As a summer exercise I’ve been thinking about places where more lotteries might be a good idea. By lotteries, I mean a decision maker selecting an option randomly, albeit perhaps from a selected pool, rather than using flawed criteria. After all, in a complex and uncertain world, even the best available criteria will be flawed and will insert some arbitrariness into the system. At best this just results random bad choices. At worst it will promote adverse behavior and selection and resentment amongst participants. Why not just make arbitrariness transparent and more purely random?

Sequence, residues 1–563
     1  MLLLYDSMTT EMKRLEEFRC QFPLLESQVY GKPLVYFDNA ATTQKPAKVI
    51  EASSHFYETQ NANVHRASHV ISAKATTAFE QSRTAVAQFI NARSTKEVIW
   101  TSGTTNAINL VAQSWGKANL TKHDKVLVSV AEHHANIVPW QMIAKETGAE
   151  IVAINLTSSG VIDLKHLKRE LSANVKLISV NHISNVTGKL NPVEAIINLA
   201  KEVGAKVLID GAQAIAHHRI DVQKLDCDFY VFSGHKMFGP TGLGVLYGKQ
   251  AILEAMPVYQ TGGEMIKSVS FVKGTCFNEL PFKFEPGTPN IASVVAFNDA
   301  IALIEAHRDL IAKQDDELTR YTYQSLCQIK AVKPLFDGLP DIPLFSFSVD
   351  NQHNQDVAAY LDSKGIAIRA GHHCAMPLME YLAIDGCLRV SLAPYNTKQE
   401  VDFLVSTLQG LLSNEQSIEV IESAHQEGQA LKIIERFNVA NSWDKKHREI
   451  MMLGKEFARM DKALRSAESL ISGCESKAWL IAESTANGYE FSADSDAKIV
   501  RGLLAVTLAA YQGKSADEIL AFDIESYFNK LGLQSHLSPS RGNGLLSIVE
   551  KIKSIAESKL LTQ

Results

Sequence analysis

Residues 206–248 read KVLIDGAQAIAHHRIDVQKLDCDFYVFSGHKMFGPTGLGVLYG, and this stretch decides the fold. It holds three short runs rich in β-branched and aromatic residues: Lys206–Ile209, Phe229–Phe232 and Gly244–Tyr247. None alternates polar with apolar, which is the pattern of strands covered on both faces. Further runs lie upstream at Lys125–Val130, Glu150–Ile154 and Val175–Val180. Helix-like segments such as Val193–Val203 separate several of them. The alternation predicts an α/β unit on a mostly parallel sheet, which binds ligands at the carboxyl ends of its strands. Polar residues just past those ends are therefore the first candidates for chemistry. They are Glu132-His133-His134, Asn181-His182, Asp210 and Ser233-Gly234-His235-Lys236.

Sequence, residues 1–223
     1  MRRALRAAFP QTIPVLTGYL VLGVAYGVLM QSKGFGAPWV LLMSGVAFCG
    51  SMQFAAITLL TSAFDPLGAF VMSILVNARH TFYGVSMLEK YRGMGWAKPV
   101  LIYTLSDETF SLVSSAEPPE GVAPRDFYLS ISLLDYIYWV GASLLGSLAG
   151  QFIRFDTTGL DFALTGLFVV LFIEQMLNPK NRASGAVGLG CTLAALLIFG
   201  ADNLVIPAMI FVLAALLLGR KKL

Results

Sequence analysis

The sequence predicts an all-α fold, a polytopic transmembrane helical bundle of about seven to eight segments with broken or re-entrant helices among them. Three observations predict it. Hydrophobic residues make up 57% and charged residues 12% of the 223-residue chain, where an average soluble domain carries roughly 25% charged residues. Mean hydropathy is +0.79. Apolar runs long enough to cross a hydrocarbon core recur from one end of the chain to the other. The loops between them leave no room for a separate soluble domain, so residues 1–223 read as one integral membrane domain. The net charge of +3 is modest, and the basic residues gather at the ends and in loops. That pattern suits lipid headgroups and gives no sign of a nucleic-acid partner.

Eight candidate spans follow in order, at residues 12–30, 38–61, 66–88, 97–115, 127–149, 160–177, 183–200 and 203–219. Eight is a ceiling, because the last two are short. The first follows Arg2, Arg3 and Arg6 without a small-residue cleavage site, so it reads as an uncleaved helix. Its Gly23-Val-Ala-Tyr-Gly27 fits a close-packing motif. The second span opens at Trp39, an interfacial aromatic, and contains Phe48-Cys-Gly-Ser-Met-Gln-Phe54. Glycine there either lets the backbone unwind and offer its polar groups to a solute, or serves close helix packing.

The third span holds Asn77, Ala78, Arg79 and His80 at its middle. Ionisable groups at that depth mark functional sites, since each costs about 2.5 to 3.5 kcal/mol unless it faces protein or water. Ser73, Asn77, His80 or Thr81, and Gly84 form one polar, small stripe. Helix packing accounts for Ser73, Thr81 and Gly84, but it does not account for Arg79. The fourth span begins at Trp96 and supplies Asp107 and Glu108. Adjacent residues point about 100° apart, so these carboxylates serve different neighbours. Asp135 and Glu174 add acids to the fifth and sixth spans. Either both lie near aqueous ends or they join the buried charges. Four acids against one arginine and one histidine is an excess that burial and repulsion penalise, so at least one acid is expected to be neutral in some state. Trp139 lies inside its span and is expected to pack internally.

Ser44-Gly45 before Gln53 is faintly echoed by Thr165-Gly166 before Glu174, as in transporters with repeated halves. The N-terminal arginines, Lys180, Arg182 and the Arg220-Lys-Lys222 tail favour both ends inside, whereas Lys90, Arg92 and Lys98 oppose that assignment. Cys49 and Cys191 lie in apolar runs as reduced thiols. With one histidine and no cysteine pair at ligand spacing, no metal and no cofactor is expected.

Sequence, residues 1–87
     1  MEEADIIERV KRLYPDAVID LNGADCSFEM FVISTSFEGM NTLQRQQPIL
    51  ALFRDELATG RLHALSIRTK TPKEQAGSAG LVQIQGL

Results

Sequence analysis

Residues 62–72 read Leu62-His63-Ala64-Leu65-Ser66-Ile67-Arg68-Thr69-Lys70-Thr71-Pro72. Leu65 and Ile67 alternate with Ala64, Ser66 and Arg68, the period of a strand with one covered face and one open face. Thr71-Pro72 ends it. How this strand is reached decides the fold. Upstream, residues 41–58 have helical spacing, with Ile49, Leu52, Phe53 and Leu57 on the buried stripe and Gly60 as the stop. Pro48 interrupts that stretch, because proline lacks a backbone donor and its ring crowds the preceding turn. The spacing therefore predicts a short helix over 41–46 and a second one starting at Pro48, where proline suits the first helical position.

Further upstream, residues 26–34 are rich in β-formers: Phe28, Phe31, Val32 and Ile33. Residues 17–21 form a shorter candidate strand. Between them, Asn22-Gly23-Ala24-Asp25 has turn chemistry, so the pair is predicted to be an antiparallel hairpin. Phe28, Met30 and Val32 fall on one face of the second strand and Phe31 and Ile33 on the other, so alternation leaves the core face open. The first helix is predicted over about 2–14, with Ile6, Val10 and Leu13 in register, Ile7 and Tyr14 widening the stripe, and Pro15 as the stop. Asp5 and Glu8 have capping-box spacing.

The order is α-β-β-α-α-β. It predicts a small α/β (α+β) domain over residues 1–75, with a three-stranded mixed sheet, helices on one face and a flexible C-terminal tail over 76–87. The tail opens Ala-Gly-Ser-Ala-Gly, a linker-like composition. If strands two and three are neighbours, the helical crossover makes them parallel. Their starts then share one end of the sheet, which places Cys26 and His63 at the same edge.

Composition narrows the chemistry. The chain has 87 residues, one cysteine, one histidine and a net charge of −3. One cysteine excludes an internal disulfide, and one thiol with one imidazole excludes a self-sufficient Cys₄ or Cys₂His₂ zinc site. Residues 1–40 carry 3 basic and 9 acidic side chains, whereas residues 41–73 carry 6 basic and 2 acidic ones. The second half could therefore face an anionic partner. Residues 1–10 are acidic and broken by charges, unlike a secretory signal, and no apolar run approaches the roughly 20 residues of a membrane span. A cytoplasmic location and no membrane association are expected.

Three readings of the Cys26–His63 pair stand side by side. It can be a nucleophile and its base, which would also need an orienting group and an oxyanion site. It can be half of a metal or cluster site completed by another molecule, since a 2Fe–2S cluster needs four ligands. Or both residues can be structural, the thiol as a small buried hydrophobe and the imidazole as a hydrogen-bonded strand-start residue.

The Peter Principle is one (humourous but insightful) example, often put as “people are promoted to their level of incompetence”. Using the available criteria of people who are competent in their current jobs, selection of those to be promoted often fails to select the bets candidates for duties higher in the hierarchy. The bad selections oly become apparent when someone fails to perform in their new role. Plunchino and Rapisarda, after crunching the concept through game theory, found that random promotion may be the most efficient way of selecting those to promote.